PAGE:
Lawyers at the Maryland Legal Aid Bureau, experienced practitioners of the persuasive arts in the courtroom, say they need a labor union to negotiate better pay and working conditions for them.
Union organizers have asked the National Labor Relations Board to hold a representation election among some 150 lawyers and legal assistants employed by the non-profit agency, which represents low-income clients.
An NLRB hearing on the petition by employees is to resume Oct. 1, after which an election date would be set.
In July, organizers asked Legal Aid to recognize the National Organization of Legal Services Workers as their bargaining agent and presented authorization cards from more than half the affected work force.
When management refused, the NLRB petition was filed asking for a vote.
"There's a long history of frustration about salaries and about staff input into decisions," said Lisa Horowitz, an attorney with the Princes George's County office who is on the union organizing committee.
"Last week, we saw the first pay increase in 2 1/2 years," and there is no plan for future salary increases, she said. The raises varied by job and seniority, she said.
Starting salaries for attorneys are as low as $21,000 a year, and starting paralegals get $12,000, according to other Legal Aid employees.
"I do not believe that a union would be helpful" because of the corporation's non-profit status, said Charles Dorsey, executive director.
Staff members already have a voice in decisions, he insisted. He said issues raised by the union group were not brought to his attention prior to the organizing effort.
But Ms. Horowitz countered, "We tried to work through channels on these concerns without success." A state agency report urging greater staff involvement in decisions has not been implemented to address many of the issues, she added.
At issue in the NLRB hearing is whether a dozen "managing attorneys" should be included in the proposed union unit. Management says they are supervisors who should be exempt, and union supporters say they are experienced, non-supervisory employees who should vote.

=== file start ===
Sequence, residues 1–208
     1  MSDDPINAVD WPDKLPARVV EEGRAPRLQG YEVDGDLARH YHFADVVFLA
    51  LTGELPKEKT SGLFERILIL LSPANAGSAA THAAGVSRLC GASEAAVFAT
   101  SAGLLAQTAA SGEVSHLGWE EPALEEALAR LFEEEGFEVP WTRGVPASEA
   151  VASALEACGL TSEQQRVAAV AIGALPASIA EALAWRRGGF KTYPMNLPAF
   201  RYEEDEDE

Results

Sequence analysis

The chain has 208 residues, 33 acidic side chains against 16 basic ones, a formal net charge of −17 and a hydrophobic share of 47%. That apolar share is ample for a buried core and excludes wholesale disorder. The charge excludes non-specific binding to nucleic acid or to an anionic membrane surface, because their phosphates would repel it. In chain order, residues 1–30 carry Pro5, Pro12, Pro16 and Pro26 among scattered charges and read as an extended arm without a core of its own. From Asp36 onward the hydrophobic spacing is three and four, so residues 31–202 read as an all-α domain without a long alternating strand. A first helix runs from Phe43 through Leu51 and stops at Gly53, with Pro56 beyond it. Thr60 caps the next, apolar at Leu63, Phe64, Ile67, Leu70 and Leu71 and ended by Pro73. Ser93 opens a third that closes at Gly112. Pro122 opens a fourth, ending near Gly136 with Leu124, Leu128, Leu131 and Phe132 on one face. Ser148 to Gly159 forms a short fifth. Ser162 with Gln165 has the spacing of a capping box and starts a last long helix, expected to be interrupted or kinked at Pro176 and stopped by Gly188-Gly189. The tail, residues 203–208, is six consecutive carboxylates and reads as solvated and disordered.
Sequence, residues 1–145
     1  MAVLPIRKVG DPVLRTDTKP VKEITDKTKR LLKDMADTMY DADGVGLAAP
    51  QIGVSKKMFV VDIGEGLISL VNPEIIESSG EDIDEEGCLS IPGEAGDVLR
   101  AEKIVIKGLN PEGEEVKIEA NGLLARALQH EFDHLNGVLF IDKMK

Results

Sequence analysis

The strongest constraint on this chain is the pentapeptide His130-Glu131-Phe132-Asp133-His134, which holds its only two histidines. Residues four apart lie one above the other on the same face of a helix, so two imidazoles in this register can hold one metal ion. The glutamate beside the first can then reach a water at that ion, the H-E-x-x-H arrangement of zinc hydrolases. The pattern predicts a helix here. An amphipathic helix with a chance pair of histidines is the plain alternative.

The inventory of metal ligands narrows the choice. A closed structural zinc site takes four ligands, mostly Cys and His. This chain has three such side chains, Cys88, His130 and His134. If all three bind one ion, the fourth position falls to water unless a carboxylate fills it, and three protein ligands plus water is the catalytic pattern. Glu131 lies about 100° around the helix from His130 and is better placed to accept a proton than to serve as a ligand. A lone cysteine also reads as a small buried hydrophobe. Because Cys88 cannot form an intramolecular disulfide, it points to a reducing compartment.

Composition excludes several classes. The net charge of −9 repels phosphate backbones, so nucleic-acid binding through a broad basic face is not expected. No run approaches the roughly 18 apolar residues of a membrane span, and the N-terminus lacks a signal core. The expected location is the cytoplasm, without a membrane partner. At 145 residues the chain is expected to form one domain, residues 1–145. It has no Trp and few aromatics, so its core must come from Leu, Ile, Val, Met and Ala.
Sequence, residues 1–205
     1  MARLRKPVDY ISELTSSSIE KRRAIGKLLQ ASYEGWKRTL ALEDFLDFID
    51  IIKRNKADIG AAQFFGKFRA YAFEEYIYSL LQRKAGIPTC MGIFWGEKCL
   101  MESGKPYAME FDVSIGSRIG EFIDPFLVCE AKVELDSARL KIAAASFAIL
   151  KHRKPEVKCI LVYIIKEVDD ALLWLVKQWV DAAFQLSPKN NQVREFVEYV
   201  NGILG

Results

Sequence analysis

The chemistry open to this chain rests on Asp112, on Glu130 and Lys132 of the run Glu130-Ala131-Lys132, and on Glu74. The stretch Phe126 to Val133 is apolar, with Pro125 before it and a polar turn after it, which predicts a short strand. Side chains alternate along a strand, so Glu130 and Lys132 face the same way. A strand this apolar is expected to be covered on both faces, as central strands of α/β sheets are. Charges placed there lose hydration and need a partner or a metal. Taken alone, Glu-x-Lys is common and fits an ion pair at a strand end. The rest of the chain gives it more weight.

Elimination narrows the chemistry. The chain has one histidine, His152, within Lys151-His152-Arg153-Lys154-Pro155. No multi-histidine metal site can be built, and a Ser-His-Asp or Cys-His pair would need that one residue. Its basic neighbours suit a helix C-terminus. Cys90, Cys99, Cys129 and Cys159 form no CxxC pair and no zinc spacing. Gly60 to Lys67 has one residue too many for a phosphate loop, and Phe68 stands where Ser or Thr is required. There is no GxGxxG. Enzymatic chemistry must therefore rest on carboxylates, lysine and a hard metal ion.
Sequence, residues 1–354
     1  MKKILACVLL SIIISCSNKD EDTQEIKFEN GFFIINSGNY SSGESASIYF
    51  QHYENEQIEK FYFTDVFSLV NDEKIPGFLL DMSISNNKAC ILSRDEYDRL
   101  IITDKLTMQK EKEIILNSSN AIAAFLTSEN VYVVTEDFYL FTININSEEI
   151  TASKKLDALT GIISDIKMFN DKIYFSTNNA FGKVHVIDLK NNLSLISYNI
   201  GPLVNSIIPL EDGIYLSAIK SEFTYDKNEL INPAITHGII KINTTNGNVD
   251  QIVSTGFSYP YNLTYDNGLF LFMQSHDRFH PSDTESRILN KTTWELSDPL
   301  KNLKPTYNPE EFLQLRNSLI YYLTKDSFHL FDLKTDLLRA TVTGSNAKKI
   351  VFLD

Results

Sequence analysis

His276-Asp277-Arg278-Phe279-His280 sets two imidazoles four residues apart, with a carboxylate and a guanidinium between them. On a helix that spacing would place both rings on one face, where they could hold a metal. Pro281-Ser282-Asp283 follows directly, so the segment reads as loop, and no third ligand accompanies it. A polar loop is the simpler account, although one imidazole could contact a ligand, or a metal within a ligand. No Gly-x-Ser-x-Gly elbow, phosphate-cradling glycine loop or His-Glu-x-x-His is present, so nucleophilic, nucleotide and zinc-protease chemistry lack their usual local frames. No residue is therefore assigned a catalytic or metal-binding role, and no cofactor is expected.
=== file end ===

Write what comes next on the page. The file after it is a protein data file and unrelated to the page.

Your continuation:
The organizing effort among staff began early this year. The National Organization of Legal Services Workers, which represents employees of Legal Aid and other public interest organizations in 30 states, provided technical help in the drive, Ms. Horowitz said.
Organizers originally hoped to include clerical workers in the unit but did not find sufficient support among those employees. Efforts to organize clericals and paralegals by the American Federation of State, County and Municipal Employees in 1972 and 1978 failed.
Management first objected to the inclusion of legal assistants, or paralegals, with lawyers in the proposed union group but later dropped that objection.
Dwight Loines, president of the National Organization of Legal Services Workers, said the lengthy NLRB hearing on the eligibility of a small number of employees was exceptional. Despite the delay in getting an election date, the union effort continues to gather strength, he said.
"We've never lost an election," Mr. Loines said of his 10-year-old organization, which is affiliated with the United Auto Workers union.